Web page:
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NATO says its security not compromised by alleged U.S. spying

BRUSSELS (Reuters) - NATO chief Anders Fogh Rasmussen said on Thursday he had no reason to believe that NATO's security had been compromised by alleged U.S. spying on its European allies.

The German magazine Der Spiegel, citing secret documents, reported last Saturday that the United States had bugged European Union offices in Brussels and gained access to EU internal computer networks.

Der Spiegel quoted from a September 2010 "top secret" U.S. National Security Agency (NSA) document that it said fugitive former NSA contractor Edward Snowden had taken with him.

The magazine mentioned a NATO link, reporting that more than five years ago security officers at the EU had noticed several missed calls and traced them to NSA offices within the NATO compound in Brussels.

Questioned about the Spiegel report at a news conference, Rasmussen said he had no information about possible NSA facilities within the U.S. representation at NATO.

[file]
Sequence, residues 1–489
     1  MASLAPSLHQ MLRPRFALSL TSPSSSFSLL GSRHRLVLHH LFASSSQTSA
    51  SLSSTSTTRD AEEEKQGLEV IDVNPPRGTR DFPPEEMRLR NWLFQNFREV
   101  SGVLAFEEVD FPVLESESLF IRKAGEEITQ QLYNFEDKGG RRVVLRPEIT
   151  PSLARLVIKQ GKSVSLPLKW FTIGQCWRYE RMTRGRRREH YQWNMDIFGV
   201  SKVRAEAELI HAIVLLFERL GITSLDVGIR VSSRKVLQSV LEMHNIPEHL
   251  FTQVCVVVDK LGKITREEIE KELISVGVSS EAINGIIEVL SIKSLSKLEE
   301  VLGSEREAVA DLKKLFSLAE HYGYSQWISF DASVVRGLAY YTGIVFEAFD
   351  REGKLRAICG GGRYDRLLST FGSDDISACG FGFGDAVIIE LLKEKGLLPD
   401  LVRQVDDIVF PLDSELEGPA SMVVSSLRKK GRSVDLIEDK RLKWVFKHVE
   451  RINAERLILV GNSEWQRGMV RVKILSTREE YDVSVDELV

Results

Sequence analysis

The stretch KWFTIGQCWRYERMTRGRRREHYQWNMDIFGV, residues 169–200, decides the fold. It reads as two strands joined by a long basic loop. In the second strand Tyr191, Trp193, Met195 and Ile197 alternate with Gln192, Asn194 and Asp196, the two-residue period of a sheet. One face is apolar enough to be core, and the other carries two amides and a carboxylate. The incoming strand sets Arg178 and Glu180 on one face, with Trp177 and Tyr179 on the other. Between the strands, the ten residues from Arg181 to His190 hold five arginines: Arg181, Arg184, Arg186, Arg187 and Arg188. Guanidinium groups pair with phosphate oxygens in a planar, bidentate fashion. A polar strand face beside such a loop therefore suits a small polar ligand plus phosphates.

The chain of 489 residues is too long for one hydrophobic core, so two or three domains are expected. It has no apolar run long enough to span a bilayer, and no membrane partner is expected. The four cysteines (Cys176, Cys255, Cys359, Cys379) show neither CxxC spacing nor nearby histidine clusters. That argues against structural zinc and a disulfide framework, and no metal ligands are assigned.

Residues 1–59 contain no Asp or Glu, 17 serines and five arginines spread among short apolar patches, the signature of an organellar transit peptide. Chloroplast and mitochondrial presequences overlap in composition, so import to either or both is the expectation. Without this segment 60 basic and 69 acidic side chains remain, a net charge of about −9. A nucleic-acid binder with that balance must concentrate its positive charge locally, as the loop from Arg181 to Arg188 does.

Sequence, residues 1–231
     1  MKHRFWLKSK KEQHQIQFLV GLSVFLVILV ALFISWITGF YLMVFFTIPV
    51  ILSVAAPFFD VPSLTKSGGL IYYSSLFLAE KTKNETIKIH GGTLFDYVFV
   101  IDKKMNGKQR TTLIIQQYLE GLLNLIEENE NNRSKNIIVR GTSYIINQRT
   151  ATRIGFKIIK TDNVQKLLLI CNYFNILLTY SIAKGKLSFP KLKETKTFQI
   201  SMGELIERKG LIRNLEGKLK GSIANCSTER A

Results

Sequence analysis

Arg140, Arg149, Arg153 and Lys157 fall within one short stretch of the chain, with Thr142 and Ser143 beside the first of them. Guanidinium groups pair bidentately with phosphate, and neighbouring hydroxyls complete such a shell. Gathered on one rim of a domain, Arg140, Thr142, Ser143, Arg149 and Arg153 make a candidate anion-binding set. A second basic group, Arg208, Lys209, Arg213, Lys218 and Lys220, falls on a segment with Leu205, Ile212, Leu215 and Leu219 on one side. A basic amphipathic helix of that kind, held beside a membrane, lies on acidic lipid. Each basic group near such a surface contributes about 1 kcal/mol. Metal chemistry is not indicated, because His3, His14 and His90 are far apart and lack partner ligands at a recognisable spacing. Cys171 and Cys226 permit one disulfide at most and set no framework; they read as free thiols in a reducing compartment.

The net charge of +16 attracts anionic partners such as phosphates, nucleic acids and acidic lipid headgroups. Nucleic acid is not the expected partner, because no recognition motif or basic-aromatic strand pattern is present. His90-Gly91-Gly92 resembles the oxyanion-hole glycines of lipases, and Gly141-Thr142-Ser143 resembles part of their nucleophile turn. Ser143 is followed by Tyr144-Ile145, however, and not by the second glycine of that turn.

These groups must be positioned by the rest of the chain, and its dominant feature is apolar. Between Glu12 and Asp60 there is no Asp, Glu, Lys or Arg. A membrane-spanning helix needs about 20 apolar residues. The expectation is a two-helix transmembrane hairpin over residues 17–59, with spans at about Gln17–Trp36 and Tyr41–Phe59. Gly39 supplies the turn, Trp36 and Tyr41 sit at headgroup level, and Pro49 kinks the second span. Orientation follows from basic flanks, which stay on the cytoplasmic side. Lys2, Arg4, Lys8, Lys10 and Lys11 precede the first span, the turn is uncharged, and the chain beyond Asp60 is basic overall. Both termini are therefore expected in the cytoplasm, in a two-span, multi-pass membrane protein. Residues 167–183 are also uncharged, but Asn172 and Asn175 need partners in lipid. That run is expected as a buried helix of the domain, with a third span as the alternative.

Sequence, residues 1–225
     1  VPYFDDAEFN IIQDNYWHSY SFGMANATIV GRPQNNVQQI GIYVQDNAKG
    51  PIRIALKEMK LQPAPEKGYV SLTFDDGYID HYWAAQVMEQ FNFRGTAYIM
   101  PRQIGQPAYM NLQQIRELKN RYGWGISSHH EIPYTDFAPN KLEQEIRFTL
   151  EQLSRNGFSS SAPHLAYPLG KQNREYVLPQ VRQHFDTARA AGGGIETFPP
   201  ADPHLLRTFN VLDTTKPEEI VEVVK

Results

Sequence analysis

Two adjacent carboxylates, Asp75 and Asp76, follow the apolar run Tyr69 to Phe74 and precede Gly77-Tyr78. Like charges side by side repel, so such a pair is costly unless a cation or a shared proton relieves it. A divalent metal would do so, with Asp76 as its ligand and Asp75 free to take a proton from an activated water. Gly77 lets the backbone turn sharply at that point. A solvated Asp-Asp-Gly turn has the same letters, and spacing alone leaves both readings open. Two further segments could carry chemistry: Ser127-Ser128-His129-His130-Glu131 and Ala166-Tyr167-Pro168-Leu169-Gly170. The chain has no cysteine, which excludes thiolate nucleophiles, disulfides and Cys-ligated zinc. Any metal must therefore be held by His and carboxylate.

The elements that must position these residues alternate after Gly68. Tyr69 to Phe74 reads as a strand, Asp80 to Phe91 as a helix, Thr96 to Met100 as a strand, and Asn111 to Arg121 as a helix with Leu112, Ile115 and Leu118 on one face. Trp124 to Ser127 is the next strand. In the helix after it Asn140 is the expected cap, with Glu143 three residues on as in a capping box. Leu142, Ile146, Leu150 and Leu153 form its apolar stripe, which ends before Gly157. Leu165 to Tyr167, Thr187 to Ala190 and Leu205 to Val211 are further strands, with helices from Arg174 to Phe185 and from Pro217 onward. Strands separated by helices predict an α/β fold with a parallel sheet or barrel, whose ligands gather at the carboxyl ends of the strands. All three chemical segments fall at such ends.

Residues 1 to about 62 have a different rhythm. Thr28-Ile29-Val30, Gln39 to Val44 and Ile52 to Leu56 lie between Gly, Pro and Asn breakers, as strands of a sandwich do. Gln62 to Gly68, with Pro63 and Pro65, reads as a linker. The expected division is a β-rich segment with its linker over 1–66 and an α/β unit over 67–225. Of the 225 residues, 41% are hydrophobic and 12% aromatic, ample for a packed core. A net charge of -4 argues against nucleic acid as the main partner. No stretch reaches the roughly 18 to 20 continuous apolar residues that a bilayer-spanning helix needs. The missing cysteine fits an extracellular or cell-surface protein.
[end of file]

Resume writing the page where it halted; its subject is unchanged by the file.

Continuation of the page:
"NATO is not involved in this. I don't consider it a NATO problem. I have no reason to believe that NATO security has been compromised in any way," he said.

The United States and other NATO members have offices at the sprawling NATO headquarters complex in Brussels.

Rasmussen said he had not asked the U.S. government about the spying reports. "I am very much focused on strengthening the transatlantic relationship," he said.

(Reporting by Adrian Croft; Editing by Kevin Liffey)

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